Table of contents
External clock with crystal resonator
Recent MCUs have a built-in RC oscillator circuit consisting of a resistor R and a capacitor C, so the system clock can be generated as an internal clock without the need to provide an oscillator outside MCU.
The STM32 MCU also has the advantage that it can be operated without an external oscillator if it is set to use the internal clock for the system clock. And the number of components can be reduced to realize space and cost savings.
However, since the frequency accuracy of the internal clock is inferior to that of the crystal resonator clock, and the frequency may vary depending on each product and the surrounding environment, such as temperature and operating voltage, it is necessary to make the right decision for each application.
For example, it is essential to set the baud rate with an accurate clock to synchronize asynchronous serial communication UARTs with other devices, so it is safe to use an external clock with high accuracy.
Crystal resonators are available in conventional metal packages and resin-molded packages. Although they oscillate much more stably than those of a century ago, care should be taken in applications with low supply voltage or with voltage fluctuations.
Standard crystal resonators in general metal packages are relatively stable due to their generous physical size. But sufficient verification may be necessary when using surface mount type (SMD) crystal resonators with small size.
The selection of an crystal resonator is not a matter of your own judgment alone; you may need to refer to similar examples of use, or you may need to check with the manufacturer because of compatibility with MCU. If you are not familiar with it, it is safe to adopt a type with a proven track record as it is.
The optimum capacitance of the capacitor to be used in combination with the crystal is described in the o's data sheet or MCU's data sheet. Other components around the crystal resonator include a limiting resistor REXT, which may be used depending on the characteristics of the crystal .
To deal with incompatibility between the crystal and MCU in prototyping, a socket can be provided so that the crystal can be easily replaced with another type. This is only possible with the through-hole type.
Also, there are many theoretical analyses of crystal oscillation, but from the standpoint of MCU user, I think it is sufficient just to look through them.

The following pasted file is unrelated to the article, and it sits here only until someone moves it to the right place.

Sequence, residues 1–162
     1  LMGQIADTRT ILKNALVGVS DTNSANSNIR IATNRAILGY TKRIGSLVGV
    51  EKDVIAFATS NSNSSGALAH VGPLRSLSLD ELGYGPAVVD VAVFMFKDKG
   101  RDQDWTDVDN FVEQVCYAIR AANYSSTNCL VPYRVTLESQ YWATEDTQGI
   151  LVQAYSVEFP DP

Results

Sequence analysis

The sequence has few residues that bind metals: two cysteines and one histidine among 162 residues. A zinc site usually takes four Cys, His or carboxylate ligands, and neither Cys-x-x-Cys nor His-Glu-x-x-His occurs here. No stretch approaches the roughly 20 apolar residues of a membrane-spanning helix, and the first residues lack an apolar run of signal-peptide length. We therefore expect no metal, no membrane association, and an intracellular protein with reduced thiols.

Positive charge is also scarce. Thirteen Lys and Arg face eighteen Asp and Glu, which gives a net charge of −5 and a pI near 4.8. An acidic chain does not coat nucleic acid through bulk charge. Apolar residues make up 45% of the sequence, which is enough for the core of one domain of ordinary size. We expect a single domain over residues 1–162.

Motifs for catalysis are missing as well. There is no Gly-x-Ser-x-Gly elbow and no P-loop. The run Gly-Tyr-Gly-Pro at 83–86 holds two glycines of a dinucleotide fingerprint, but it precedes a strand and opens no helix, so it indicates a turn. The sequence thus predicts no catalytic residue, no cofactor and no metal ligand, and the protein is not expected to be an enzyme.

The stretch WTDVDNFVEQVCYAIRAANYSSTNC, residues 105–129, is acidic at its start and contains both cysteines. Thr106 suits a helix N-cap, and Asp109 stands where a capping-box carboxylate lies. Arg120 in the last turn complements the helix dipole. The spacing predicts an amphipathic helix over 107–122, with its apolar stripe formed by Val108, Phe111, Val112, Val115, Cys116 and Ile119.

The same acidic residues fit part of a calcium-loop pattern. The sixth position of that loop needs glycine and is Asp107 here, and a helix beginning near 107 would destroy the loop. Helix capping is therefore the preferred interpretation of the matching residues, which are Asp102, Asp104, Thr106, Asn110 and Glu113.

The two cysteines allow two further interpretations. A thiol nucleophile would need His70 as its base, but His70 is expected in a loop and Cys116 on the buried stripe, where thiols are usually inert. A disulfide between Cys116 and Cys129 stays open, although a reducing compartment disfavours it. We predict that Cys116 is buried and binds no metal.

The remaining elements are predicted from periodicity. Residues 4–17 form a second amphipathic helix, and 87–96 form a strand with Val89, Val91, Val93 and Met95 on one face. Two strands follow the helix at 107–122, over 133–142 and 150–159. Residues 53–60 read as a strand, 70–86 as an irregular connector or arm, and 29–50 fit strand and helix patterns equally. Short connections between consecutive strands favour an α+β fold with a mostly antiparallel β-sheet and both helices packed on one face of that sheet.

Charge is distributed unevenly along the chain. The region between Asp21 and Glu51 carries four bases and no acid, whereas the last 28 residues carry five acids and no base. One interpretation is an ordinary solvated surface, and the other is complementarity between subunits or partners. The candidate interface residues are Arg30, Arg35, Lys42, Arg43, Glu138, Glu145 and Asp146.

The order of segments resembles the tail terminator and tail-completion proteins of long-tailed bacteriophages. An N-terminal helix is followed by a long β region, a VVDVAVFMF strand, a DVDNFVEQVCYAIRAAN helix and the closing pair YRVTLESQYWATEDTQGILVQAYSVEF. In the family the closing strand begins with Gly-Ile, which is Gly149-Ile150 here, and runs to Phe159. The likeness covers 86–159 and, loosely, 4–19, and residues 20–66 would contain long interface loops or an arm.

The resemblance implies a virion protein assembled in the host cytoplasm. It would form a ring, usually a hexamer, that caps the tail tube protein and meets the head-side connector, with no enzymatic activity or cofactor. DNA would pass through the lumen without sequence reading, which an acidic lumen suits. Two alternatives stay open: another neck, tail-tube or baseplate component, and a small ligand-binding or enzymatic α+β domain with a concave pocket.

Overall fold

When mounting a crystal resonator, there are precautions such as placing the PCB pattern as close as possible to MCU to minimize the effects of parasitic capacitance and inductance, so it is necessary to check with the manufacturer's specifications.
External clock with Ceramic resonator
In addition to crystal resonator, external clocks include what are called ceramic resonator. Like crystal resonator units, these clocks are based on mechanical resonance and are less affected by ambient temperatures, etc., and are slightly less accurate than crystal resonator units, but more accurate than internal clocks.
Clocks using ceramic resonators are intermediate between those using crystal resonators and those using internal oscillation circuits. They are inexpensive and can be comfortably selected by using a 3-terminal type that has a built-in capacitor required for the oscillation circuit.
With the 3-terminal type, the area enclosed by the dotted line in the above figure can be replaced with a single component, which also saves space.
External clock with oscillator
Since crystal resonators and ceramic resonators are types that generate mechanical resonance when a voltage is applied, it is not impossible for the clock to stop if there is an error in parameter selection or if they are not compatible with MCU.
Therefore, instead of an resonator, an oscillator with a built-in oscillation circuit can be connected in place of the resonator. Although the unit cost of components is higher and the size is larger, this is a reliable way to generate pulses using only the power input. Simply connect the oscillator output to MCU's external clock input side (OSC_IN in the STM32 MCU).
External clock frequency setting
The STM32F1xx series firmware defaults to using an 8 MHz external clock. For this reason, many evaluation boards, including the Nucleo board, often use an 8 MHz crystal.
Exceptionally, the STBee board with STM32F103VE has a 12 MHz crystal, so the baud rate will not match that of other devices for serial communication, for example, unless it is reconfigured. So let's look at where to change the frequency of the external clock.
The external clock frequency is defined as HSE_VALUE in stm32f10x.h, so simply change this value from the default of 80000000 to the frequency to be used, e.g., 12000000 for 12 MHz.